The gems from Switzerland just keep on coming. This latest, Vully Rouge, debuted in the U.S. last fall, although it has a 20-year history in Switzerland. Unlike Gruyère, Emmental, Appenzeller and other well-known Swiss cheeses, Vully Rouge is the creation of a single cheesemaker and it has thrived outside the PDO (protected designation of origin) system.
At a dinner party where a lot of wines are poured (I live in Napa Valley--is there another kind of dinner party?), I don’t have to ponder which wine I liked best. It was in the glass I emptied first. The cheese equivalent is the one I can’t stop nibbling long after I’m no longer hungry. Vully Rouge has that kind of allure for me. It is savory, persistent, complex, complete.
In 1993, Ewald Schäfer, a recent Swiss dairy-school graduate, purchased the village creamery in Cressier (population: 896) in the canton of Fribourg. The property seemed ideal: it included a residence for his growing family and a small shop where his wife might sell what he made.
The creamery specialized in Emmentaler, which irked Schäfer, who thought Emmentaler should come from Emmental. So this young cheesemaker perfected a recipe of his own, christened the new cheese Mont Vully after a nearby hill, and in four years, was selling enough of it to cease Emmentaler production entirely. Fromagerie Schäfer now makes about 500,000 pounds of Mont Vully each year. Obviously, I’m not the only one who can’t stop eating it.
Made with thermised cow’s milk (a heat treatment that stops short of pasteurization), a wheel of Vully Rouge—as it’s known here—weighs about 15 pounds. During its four months in the Schäfer aging room, the cheese is washed repeatedly with brine and a local Pinot Noir, which imparts no aroma I can discern. The rind’s butterscotch hue comes from annatto, a plant-based colorant.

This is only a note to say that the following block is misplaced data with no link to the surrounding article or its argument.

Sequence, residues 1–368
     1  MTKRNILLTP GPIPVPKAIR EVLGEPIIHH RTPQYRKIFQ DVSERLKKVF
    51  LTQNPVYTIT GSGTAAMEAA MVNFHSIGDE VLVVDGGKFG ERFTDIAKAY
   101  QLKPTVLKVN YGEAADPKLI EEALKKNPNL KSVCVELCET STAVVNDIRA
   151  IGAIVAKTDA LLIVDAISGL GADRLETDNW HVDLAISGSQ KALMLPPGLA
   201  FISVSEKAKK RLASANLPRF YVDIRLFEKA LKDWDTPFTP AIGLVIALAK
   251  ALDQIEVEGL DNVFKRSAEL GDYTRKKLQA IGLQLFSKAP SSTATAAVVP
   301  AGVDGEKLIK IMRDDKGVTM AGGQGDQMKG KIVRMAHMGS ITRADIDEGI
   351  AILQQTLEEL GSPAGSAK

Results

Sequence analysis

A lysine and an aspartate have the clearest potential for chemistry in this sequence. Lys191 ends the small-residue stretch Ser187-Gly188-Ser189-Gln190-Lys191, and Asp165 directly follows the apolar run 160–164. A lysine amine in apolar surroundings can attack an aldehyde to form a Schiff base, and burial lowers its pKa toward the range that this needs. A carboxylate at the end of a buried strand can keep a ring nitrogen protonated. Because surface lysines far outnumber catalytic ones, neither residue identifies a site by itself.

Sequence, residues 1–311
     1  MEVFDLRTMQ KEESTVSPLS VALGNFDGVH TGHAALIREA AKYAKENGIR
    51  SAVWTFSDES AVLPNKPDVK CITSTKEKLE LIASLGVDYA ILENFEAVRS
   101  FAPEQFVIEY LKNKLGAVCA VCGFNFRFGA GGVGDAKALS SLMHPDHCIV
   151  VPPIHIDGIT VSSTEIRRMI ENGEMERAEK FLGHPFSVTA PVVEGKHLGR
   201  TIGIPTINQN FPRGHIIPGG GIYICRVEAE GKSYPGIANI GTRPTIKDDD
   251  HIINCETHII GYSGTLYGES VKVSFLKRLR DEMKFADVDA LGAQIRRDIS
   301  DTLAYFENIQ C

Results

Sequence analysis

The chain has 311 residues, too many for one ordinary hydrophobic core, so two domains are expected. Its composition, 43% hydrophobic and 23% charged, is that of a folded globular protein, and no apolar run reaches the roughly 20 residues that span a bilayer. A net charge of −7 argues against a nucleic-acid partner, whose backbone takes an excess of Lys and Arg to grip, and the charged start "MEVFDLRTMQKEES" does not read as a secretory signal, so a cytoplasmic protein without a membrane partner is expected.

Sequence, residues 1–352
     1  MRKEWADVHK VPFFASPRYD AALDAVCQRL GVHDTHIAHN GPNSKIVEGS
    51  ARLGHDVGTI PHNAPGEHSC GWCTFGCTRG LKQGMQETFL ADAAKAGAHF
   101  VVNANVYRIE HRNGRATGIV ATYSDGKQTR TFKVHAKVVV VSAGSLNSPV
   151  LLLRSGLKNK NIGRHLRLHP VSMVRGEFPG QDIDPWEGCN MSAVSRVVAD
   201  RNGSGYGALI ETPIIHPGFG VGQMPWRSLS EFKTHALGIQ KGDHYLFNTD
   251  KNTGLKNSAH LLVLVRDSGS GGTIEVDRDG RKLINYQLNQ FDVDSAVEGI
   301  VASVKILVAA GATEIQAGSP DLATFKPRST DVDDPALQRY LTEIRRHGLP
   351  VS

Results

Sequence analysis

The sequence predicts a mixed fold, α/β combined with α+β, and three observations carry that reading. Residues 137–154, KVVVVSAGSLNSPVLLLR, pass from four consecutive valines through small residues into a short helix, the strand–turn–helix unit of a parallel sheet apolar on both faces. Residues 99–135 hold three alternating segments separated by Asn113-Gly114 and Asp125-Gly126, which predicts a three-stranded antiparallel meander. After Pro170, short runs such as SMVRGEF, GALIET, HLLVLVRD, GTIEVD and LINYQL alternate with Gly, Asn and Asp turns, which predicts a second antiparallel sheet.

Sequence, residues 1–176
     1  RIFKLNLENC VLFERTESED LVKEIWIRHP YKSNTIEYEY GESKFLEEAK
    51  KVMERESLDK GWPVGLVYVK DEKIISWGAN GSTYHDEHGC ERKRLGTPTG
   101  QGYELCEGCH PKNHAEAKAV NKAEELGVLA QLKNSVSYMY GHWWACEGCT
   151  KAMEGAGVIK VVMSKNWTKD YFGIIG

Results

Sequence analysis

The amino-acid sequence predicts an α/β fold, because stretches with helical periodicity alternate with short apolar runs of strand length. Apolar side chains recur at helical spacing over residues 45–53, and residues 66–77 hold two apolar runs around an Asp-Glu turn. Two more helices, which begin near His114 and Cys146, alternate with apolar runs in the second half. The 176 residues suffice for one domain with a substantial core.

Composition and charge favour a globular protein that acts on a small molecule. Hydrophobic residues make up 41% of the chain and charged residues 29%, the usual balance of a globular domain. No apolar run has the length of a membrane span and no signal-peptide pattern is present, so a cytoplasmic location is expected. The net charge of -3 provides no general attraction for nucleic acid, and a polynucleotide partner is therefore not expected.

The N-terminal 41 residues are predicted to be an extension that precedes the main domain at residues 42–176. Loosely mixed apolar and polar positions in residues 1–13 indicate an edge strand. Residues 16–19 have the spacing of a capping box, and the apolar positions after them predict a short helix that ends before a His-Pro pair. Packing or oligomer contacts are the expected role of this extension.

My go-to reference book on Switzerland's cheeses (Swiss Cheese by Dominik Flammer and Fabian Scheffold) describes Schäfer’s products as “among the most aromatic on the market.” I’m on board with that. The semi-firm interior, a uniform gold with numerous small openings, smells exactly like French onion soup: a merging of broth, caramelized onions, toasted bread and melted cheese with an overlay of roasted peanuts. The flavor is concentrated, intense and long lasting, more sweet than sharp. The book’s authors marvel at how much character Schäfer gets from thermised milk.
Peterson Company, a Washington State importer/distributor, brings in Vully Rouge as part of a new program showcasing alpine cheeses irrespective of country of origin. “We’re looking at the Alps as a bio-region with a history that precedes modern borders,” says sales rep Tyson Danilson. “We’re looking outside of the PDOs and sourcing direct from the farmstead or creamery.”
Like European wine producers who want more creative freedom than appellation rules allow, cheesemakers like Schäfer sacrifice the security of the PDO, with its marketing dollars and name recognition, for the pleasure of making a cheese uniquely theirs. U.S. distribution is limited but expected to grow soon. Currently, you can find Vully Rouge at Cheese Plus in San Francisco; Pasta Shop in Oakland; Cheese Bar in Portland; DeLaurenti in Seattle, Perfectly Paired in Bellingham, Wash., and Le District in New York City.
The creamery’s website shows Vully Rouge with red wine—the local Pinot Noir, no doubt—but I would prefer a rich white: an Alsatian Pinot Gris, a Chardonnay with some age on it or an off-dry sherry.